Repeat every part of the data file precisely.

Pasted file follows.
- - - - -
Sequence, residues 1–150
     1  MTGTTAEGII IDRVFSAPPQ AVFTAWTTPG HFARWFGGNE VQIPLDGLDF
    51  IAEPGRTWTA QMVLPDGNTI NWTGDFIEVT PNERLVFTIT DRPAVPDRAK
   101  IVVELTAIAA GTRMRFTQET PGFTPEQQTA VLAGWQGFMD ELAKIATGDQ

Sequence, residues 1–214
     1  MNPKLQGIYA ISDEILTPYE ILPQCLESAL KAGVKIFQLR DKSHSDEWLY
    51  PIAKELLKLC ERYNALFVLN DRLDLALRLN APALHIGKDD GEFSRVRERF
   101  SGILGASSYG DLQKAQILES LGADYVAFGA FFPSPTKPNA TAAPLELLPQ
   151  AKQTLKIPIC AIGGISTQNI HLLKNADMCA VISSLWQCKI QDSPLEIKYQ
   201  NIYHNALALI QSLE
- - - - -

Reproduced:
Sequence, residues 1–150
     1  MTGTTAEGII IDRVFSAPPQ AVFTAWTTPG HFARWFGGNE VQIPLDGLDF
    51  IAEPGRTWTA QMVLPDGNTI NWTGDFIEVT PNERLVFTIT DRPAVPDRAK
   101  IVVELTAIAA GTRMRFTQET PGFTPEQQTA VLAGWQGFMD ELAKIATGDQ

Sequence, residues 1–214
     1  MNPKLQGIYA ISDEILTPYE ILPQCLESAL KAGVKIFQLR DKSHSDEWLY
    51  PIAKELLKLC ERYNALFVLN DRLDLALRLN APALHIGKDD GEFSRVRERF
   101  SGILGASSYG DLQKAQILES LGADYVAFGA FFPSPTKPNA TAAPLELLPQ
   151  AKQTLKIPIC AIGGISTQNI HLLKNADMCA VISSLWQCKI QDSPLEIKYQ
   201  NIYHNALALI QSLE